I don't know who either side used for expert witness, but if the engineer
was not protected by the allowance of the code to accept a combination of
conventional and engineered solutions the outcome must then be based on the
most personable witness with the ability to influence the Jury. With
technical issues it boils down to one or more of the following:
1. The experts credentials (comparison of education, publications and
investment in their professional affiliations.
2. The ability to communicate to laypersons and be convincing - regardless
of the bias imposed (I'm waiting to hear from any expert witness to defend
that most witnesses are hired to find the interpretation to support the side
paying the bills).
3. Appearance and confidence of the expert as interpreted by the Jury.
I apologize to those engineers who make a living in expert witness work.
Some of those I know and who remain friends are, I believe in my heart,
ethical representatives of the profession. However, more times than not I
have been surprised to find those "well known" engineers who tailor their
deposition to interpretations that neatly fit the premise of the side who
hired them. I have lost respect for these individuals but will give all who
I meet the benefit of the doubt until which time I can prove that they
crossed the line.
Two additional comments:
1. Your comments justify the need to provide fully compliant designs
regardless of how ambiguous the intent of the code is. It's best to comply
until which time it can be changed and publicly be interpreted to be a
professional standard of care. I believe the only way to do this is by
ratification of the code or by publication in Building Standards or by
position statement of the professional committees who were involved in the
creation process of the code.
2. As was pointed out in a previous post by Mark Deardorff,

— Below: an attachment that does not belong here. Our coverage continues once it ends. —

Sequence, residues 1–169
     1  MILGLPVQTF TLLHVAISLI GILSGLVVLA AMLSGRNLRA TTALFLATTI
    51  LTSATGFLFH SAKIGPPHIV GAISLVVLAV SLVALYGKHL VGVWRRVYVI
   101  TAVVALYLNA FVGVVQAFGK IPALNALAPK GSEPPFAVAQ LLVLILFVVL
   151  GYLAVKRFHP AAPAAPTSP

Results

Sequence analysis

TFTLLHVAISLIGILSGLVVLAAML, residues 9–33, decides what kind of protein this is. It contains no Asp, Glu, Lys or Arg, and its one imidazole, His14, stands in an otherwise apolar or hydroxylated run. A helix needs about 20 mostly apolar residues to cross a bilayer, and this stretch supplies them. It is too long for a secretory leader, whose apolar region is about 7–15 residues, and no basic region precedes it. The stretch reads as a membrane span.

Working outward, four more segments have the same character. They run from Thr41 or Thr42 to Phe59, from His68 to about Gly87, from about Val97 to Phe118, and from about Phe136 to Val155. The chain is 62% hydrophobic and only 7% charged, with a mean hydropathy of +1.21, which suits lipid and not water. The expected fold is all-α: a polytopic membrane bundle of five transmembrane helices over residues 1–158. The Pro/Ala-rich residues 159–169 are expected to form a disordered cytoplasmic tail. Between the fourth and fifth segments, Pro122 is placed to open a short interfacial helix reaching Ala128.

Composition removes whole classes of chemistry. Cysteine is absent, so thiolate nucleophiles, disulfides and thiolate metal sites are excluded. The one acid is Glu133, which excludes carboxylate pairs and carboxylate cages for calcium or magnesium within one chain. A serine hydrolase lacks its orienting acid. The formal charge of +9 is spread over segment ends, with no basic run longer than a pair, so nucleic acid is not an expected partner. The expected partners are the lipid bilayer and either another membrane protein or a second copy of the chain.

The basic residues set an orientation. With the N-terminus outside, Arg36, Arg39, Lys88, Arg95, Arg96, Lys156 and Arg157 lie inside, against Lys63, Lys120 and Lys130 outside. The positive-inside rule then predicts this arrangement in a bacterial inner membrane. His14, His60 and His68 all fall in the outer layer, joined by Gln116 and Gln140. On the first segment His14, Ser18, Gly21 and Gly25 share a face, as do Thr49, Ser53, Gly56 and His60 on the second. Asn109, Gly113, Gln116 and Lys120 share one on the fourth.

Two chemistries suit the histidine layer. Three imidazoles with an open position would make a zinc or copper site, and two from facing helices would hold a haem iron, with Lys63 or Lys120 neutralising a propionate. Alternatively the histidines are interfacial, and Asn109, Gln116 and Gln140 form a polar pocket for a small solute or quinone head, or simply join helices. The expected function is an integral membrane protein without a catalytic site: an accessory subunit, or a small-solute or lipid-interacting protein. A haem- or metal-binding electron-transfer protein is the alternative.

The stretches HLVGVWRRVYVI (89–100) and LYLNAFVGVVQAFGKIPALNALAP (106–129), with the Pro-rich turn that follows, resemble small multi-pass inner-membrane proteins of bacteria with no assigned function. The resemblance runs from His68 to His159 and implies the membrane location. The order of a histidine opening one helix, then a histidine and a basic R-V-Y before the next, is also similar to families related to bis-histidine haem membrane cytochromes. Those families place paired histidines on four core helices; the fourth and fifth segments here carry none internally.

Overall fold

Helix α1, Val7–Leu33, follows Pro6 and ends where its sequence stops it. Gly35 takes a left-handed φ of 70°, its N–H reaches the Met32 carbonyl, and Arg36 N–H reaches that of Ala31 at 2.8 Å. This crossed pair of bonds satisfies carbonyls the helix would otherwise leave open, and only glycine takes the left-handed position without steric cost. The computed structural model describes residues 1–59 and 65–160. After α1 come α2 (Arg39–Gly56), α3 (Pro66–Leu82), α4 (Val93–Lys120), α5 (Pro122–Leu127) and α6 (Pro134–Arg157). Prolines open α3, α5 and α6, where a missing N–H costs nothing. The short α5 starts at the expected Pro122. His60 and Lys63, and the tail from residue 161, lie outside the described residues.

multi-residential structures (apartments and condo's or any group with a
Home Owners Association) is a prime target of lawyers who will open a case
based on continued explorations for non-compliance or signs of possible
structural damage. Most Home Owners Associations don't understand that they
tend to gain much less than the attorney's and far less than is necessary to
perform any work that they believe will correct a defect - the problems
generally are left unresolved.
3. Insurance companies will impugn the reputation of a responsible
engineering firm rather than defend them. The cost of litigation is, more
times than not, more expensive than a settlement. No legal disclaimer of
guilt is valid when the engineer is perceived to settle a claim. The
layperson will, in most cases, interpret the number of suits and the number
of settlements against this firm as evidence of the quality of the work they
produce. I suspect that if the firm you wrote of went to litigation, the
engineer bared the cost of defense or had some very strong case to convince
their insurer of their innocence. This is probably the exception rather than
4. Contingency litigation is the key to pursuing cases against engineers. If
contingency litigation was not allowed, more legal firms would be looking at
the facts instead of the glare coming from the pot of gold.
Dennis S. Wish, PE